“By bringing the poems and artworks in COP27, we were able to create spaces for culture and art in the highest decision-making arena for climate action. We were also able to build solidarity between the Global North and the Global South toward working together for a kinder and more sustainable future,” Galang shared.

Locally, The Climate Reality Project Philippines has integrated Poets for Climate into its Klima Eskwela sessions.

Klima Eskwela is The Climate Reality Project Philippines’ learning and knowledge exchange program designed to cascade the latest climate science and policies to the most climate-vulnerable communities. As of December 2022, Poets for Climate have landed in Baybay City in Leyte, Guiuan in Eastern Samar, Iloilo City in Iloilo, and Palapag in Northern Samar.

Galang said during the webcast that Poets for Climate will continue to evolve as a creative platform for the network of Climate Reality Leaders and advocacy partners across the globe, especially since the expansions to Indonesia and Latin America are underway.

The intersection of arts, technology, and climate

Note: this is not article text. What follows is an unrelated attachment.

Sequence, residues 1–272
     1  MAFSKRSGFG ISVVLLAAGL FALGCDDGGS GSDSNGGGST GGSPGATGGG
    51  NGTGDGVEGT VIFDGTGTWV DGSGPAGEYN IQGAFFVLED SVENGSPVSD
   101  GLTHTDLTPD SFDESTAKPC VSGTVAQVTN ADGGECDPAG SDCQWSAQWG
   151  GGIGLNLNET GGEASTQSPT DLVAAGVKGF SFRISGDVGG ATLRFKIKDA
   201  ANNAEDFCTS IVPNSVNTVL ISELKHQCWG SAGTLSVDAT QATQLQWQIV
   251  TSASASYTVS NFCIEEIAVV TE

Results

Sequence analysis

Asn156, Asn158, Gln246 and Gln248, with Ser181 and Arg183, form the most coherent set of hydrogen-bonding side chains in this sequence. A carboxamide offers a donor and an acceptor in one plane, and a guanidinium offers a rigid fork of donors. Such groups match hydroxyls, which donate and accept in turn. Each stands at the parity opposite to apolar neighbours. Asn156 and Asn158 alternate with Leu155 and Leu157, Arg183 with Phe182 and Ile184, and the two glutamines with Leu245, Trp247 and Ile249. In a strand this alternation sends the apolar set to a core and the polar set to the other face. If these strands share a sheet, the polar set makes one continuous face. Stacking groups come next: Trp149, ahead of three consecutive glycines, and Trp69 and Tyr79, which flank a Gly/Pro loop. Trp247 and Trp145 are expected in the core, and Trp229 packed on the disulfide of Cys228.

Commissioned by Contemporary Art and Design, trans-disciplinary artist  Derek Tumala developed a digital diorama called Tropical Climate Forensics communicating the shifting weather pattern and climate in the Philippines.

The project draws inspiration from Derek Tumala’s residency at the Manila Observatory and features seven (7) biomes namely init, bagyo, obserbatoryo, bulkan, komunidad, gubat, and tubig.

In his endeavor to realistically gamify scientific inquiries about climate change, Tumala said he conducted consultations, archiving, and research with communities and institutions.

“What we’re doing is an attempt to say that we can do something. Art is always about the attempt to do a new language or a new way to see things. That alone is the driver to create a new vision. Art is evolving. It gives you an open view of the world where you can do anything and try to connect all these things such as art, science, technology, and policymaking,” Tumala said during the webcast.

Perez agreed with Tumala, reiterating that the power of arts lies in reimagining and seeing things differently which allows individuals to break boundaries and overcome limitations.